Oregon lawmakers put a bow on an unprecedented five-month legislative session Saturday, passing major bills on clean energy, wildfire prevention and police reform before adjourning their chambers for a final time.
After breaking early Friday to some legislators’ dismay, the Legislature spent Saturday hustling more than 50 bills in quick succession. In a session that had sometimes been marked by rancor, lawmakers closed out in collegial and lighthearted fashion -- some of them notably dressed down for the affair in shorts and novelty t-shirts.
Carrying on a Capitol tradition, legislators in the House and Senate opened their chamber doors shortly after 5:30 pm, waving at each other across a Capitol rotunda that has remained eerily empty for more than a year as a final resolution adjourning the session “sine die” passed in the House.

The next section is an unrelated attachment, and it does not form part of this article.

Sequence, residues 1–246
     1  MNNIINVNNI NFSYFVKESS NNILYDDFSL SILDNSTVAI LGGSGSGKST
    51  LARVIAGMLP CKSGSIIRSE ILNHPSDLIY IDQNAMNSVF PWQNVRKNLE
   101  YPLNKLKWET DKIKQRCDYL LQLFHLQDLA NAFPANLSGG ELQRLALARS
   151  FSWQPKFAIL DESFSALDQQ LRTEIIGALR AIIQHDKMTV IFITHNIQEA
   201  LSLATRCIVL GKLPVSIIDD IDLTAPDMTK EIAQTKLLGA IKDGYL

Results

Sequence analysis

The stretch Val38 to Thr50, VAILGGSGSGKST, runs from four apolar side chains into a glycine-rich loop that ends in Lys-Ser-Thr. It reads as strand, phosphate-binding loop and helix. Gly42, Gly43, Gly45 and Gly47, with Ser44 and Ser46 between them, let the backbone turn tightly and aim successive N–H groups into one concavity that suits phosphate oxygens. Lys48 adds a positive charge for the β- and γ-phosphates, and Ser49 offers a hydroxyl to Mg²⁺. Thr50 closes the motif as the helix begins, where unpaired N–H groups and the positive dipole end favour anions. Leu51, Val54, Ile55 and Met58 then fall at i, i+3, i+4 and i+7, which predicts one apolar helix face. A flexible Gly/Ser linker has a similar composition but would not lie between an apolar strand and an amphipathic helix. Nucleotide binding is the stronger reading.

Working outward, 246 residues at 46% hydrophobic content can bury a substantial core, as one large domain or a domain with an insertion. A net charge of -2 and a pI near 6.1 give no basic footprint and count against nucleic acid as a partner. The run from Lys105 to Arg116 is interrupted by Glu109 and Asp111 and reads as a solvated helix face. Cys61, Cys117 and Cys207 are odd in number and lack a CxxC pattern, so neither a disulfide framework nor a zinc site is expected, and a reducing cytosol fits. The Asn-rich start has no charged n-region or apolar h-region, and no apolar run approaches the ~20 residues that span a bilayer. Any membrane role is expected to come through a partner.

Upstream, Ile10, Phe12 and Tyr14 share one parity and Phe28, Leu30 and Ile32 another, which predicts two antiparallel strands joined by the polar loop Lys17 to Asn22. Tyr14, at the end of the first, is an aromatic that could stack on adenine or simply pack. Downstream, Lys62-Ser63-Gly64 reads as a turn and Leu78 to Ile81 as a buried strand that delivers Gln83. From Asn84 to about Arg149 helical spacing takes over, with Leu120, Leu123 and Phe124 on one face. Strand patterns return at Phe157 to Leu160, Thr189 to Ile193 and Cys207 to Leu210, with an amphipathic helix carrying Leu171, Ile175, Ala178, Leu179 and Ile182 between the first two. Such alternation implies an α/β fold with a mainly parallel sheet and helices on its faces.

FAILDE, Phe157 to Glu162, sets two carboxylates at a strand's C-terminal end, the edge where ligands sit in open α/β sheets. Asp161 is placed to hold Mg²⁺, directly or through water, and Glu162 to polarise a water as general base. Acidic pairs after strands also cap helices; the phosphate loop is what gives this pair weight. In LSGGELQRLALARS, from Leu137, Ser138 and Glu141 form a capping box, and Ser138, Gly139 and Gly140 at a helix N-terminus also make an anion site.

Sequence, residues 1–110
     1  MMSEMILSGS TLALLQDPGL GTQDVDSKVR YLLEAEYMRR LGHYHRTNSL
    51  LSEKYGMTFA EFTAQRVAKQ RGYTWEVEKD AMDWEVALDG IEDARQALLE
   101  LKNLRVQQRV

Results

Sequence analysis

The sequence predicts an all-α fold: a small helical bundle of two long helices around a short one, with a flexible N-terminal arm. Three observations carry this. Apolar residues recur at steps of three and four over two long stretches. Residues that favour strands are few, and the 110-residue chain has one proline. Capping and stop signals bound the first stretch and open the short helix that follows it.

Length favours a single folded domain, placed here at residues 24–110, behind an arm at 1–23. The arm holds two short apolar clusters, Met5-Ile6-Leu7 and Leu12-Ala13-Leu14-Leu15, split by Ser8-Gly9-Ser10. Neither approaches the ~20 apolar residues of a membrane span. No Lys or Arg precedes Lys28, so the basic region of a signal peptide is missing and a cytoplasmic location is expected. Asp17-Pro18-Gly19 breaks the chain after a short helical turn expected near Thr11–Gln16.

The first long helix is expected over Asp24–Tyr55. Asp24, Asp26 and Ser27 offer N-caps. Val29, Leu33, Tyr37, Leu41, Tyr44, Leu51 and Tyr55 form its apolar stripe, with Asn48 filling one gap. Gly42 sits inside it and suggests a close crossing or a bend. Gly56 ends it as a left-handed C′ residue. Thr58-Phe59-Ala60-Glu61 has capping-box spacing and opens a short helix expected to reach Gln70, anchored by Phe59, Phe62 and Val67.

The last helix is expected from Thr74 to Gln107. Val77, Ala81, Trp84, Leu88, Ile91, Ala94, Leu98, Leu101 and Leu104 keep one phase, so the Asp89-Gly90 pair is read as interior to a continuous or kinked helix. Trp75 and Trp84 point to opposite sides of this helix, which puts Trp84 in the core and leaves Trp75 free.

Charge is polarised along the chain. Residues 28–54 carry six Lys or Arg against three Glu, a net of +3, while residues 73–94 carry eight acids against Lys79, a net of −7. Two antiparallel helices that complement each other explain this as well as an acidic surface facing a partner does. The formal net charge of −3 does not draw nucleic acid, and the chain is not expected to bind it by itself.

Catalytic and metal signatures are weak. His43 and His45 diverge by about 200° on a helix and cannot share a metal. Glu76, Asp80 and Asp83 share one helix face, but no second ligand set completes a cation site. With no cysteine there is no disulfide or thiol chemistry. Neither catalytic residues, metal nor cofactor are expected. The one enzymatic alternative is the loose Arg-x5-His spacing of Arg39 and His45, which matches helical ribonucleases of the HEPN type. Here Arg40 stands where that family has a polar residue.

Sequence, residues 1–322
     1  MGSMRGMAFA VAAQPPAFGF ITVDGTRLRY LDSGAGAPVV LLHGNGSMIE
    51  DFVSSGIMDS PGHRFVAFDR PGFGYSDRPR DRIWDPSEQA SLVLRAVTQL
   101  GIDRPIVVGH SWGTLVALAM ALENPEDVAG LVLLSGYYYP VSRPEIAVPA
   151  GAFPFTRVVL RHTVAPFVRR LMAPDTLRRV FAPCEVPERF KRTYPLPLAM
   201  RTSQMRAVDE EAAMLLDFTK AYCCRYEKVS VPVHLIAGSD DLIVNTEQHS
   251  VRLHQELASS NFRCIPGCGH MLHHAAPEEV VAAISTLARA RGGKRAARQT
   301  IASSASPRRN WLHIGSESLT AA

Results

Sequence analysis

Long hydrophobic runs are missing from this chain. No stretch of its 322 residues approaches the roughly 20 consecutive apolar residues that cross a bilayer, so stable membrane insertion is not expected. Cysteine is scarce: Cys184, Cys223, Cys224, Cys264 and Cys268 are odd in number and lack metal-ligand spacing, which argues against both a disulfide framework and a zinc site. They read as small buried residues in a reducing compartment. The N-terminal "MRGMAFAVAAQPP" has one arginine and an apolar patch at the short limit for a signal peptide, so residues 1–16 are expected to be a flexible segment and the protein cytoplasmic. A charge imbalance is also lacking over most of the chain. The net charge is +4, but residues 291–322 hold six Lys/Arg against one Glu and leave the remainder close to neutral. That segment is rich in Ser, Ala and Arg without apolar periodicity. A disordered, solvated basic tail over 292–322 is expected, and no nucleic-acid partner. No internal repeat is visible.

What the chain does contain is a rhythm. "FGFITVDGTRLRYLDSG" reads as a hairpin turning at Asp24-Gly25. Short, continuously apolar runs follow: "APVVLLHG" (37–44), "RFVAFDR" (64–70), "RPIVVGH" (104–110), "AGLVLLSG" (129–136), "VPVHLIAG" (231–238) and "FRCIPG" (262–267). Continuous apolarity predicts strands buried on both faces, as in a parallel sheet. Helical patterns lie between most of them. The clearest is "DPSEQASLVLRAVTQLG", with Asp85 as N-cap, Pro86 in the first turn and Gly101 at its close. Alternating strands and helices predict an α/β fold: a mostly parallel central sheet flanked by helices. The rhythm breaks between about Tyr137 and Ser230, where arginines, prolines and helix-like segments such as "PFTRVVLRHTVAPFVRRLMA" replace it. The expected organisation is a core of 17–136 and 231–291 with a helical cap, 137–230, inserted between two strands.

The flurry of bills passed on Friday and Saturday, characteristic of late-session chaos, capped five months that were remarkable not only for the policies enacted, but the manner in which they were passed.
A session that House Speaker Tina Kotek, D-Portland, said early on would be “about crisis response and helping people” certainly retained some of that character, with lawmakers extending policies to protect renters from eviction and homeowners from foreclosure, while pouring money into relief for victims of 2020′s historic wildfires.
But legislators did far more, too. A package of police reforms that passed with bipartisan support did not go as far as some advocates would have liked, but still included serious changes to the way law enforcement officers can respond to protests and how they face discipline.
Meanwhile, Democrats needed the buffer granted by their supermajorities to pass sweeping environmental bills that set some of the nation’s most ambitious goals for cleaning up the power grid and ensuring producers have a stake in whether their products are recycled.
And lawmakers passed a record state budget, marshalling shockingly strong revenue projections and billions in federal aid to outline a $29.4 billion spending plan that sent money to every corner of the state, increased school spending and made historic investments into housing and mental health.